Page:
Saturday, August 28, 2010

The End of James Bond? (Continued)

Still, I wasn't terribly intrigued by the idea of the "reboot" that was discussed some time afterward. I'm not big on remakes in general. Additionally, the truth is that the Bond series had already been overhauled any number of times, with the departure and arrival of new stars; with the need to recover from periodic commercial disappointments like The Man With The Golden Gun and Licence to Kill; and sometimes, simply in response to a drift too far in a given direction, even when the film had been commercially successful (as with Moonraker, a big money-maker that some felt was just too bloated and silly--much like Die Another Day).

That feeling didn't change as I found out more about the project, starting with its use of Fleming's Casino Royale. I was familiar with the novel, which I knew would not be easily fleshed out into a satisfying full-length action movie. I should also admit to having a bit of loyalty to the 1967 comedic version of the book produced by Charles K. Feldman. (It doesn't have a particularly good reputation, and I didn't think it was particularly good the first time I saw it for myself, but it grew on me during repeat viewings. By the fourth time I saw it, I thought it was a work of staggering genius.14)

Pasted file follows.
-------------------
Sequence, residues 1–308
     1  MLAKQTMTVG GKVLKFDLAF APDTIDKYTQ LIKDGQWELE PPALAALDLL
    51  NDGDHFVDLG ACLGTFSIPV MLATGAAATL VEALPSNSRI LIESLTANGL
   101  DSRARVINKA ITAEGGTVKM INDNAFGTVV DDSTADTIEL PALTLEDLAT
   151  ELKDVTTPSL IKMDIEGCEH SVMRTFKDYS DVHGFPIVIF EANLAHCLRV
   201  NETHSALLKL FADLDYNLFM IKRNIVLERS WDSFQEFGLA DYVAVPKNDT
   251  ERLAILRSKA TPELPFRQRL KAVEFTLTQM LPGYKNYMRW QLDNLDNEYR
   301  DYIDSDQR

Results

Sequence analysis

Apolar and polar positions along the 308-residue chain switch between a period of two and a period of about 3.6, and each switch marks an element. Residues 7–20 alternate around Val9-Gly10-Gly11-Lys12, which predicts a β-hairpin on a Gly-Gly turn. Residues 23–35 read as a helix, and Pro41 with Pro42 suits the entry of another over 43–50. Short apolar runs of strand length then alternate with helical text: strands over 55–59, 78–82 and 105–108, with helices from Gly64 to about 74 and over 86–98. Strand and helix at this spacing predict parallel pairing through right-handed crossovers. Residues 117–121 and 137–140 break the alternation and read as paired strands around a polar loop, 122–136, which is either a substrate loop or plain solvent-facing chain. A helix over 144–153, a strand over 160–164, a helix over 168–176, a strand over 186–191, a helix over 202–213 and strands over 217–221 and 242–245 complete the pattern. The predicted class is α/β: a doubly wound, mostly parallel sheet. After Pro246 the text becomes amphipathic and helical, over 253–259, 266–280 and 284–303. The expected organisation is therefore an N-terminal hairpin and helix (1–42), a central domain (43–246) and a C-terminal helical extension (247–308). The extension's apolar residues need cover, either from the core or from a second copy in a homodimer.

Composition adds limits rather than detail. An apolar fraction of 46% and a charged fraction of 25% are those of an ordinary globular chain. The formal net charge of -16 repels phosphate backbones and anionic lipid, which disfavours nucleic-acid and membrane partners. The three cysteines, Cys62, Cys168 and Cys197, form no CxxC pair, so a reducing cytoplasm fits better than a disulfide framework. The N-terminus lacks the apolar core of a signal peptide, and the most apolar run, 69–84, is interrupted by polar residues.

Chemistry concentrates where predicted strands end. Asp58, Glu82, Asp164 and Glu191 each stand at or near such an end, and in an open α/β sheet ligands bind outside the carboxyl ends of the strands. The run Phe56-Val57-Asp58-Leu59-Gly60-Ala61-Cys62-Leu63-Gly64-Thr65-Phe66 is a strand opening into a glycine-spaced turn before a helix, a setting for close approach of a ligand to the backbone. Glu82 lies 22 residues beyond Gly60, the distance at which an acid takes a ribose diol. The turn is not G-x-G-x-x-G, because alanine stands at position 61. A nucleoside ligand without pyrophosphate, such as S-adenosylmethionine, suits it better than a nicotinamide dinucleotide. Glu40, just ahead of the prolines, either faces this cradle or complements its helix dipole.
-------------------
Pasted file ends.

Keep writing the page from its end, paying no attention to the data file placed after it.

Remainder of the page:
The efforts of the publicists didn't help. They said there would be a return to the original concept, to a more realistic, darker story--but such statements are so routine in the promotion of remakes, reboots and the like as to be nearly meaningless. Besides, while I've enjoyed grounded efforts like 1963's From Russia With Love and For Your Eyes Only, a big part of what appealed to me about the Bond movies was the extravagant, over-the-top villains, plots, sets and action sequences that were more a part of the movies than the novels that inspired them (though Fleming certainly provided a good deal of the inspiration for it), and the distance of the whole from grim political reality, retro as all this may be.

I was--and still am--irritated that terms like "dark" and "gritty" are so often taken to be terms of praise, rather than descriptors, as if no other tone is even worth attempting. (I wonder at times if we as a culture haven't become so intellectually stunted and emotionally impoverished that things actually seem that way.)

And anyway, wasn't the darker, grittier approach a big part of what turned people off the series during Timothy Dalton's tenure in its lead role?

I also had my reservations about the casting of Daniel Craig as 007. I hadn't even heard of him at the time of the announcement. After I had (and realized that I'd seen him before in movies, like the 2001 Lara Croft, during which he'd barely registered, let alone seemed Bond-like) I wondered if, far from a return to roots, the idea wasn't to go as far away from the previous image as possible, simply for the sake of being different.

Still, I think I was fair-minded as I approached the 2006 film, and it's probably best to distinguish between my take on Casino as a Bond movie, and as a movie pure and simple.